Wilder: spend money on education, not removing statues

(AP photo)

RICHMOND, Va. (AP) _ The nation’s first elected black governor says improving education is more important than spending tax money on removing Confederate monuments. Former Virginia Gov. Douglas Wilder said during an interview on C-SPAN Thursday that his election in 1989 showed how Virginia had changed. He said the violent white nationalist rally in Charlottesville last month does not represent the city or the state. Wilder spoke of problems around the country, including in Richmond’s schools. He said he believes it’s more important to improve the quality of education now “than this talk about destroying and taking down.” Wilder said it will be up to others to decide whether the state-owned statue of Confederate Gen. Robert E. Lee should remain on Richmond’s Monument Avenue. Richmond’s mayor has appointed a commission to consider what to do with city-owned Confederate statues.

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Bush, Hillary Clinton to help raise money in Virginia race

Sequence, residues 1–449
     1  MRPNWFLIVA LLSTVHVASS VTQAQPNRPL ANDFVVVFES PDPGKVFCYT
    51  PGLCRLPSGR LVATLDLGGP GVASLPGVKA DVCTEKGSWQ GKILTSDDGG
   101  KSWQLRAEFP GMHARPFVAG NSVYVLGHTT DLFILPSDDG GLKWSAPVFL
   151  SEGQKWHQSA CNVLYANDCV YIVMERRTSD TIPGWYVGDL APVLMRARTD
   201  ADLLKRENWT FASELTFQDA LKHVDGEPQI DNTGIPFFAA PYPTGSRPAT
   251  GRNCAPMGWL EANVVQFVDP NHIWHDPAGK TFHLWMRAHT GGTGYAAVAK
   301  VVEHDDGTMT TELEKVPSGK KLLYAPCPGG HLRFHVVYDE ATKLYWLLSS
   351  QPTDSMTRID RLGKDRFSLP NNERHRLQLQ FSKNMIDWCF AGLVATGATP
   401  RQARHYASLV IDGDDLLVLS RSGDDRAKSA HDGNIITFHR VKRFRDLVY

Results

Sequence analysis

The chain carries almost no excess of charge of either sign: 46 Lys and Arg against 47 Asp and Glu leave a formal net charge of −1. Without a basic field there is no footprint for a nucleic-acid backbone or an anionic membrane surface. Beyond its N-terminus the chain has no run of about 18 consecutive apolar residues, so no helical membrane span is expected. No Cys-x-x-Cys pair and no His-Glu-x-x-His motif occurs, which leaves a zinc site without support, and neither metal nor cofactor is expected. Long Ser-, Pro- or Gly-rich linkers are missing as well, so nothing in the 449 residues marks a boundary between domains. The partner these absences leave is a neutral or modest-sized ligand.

RICHMOND, Va. (AP) – Former President George W. Bush and former presidential candidate Hillary Clinton are raising money for their preferred candidates in the closely-watched Virginia governor’s race. Clinton will be the featured guest at a fundraiser for Democratic Lt. Gov. Ralph Northam in New York on Oct. 4, while Bush is slated to headline a fundraiser for Republican Ed Gillespie on Oct. 16 in Alexandria. Gillespie was a senior White House adviser during Bush’s presidency. Bush has given $50,000 to Gillespie’s campaign and political action committee. Northam is facing Gillespie in one of only two off-year gubernatorial contests in November. The swing state contest is viewed as a possible early referendum on President Donald Trump’s first year in office and a preview of the 2018 midterm elections.

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Virginia Tech unveils new academic logo in branding campaign